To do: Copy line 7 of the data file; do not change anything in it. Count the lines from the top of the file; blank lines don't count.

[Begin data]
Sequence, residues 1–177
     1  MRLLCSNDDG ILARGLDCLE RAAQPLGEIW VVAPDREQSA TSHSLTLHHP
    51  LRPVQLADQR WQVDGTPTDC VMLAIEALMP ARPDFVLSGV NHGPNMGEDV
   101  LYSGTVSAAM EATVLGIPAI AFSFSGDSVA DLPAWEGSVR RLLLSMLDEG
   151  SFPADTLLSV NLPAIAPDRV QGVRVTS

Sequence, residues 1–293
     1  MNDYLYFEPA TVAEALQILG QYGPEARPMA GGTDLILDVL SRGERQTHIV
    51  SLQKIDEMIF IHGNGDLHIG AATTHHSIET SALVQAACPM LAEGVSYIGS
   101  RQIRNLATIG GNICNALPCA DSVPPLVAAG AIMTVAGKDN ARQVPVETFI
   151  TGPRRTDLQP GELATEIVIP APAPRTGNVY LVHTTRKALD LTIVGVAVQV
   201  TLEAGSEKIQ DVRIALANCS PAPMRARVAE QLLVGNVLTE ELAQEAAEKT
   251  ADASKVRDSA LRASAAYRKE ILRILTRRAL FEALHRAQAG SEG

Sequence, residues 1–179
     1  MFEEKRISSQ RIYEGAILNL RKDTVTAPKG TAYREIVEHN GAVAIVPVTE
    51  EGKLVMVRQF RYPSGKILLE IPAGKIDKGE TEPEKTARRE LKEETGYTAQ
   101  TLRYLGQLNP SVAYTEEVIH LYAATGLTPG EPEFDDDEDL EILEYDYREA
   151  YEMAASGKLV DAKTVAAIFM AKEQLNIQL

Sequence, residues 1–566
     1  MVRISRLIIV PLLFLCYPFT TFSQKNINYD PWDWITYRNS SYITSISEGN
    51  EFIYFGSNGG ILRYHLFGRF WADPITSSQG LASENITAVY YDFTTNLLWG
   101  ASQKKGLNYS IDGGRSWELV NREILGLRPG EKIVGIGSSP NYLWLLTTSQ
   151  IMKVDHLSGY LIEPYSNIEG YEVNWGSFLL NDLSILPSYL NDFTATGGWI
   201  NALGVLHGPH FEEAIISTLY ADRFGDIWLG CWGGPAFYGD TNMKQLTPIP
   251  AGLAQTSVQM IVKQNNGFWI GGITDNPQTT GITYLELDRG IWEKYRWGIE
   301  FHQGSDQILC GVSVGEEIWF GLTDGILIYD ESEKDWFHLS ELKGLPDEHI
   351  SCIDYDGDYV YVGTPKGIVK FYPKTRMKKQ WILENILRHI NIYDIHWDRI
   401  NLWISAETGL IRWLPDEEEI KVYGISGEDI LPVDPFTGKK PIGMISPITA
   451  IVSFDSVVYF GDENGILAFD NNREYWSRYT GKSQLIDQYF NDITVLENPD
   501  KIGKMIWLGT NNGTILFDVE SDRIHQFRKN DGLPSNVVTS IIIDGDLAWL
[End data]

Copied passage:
     1  MNDYLYFEPA TVAEALQILG QYGPEARPMA GGTDLILDVL SRGERQTHIV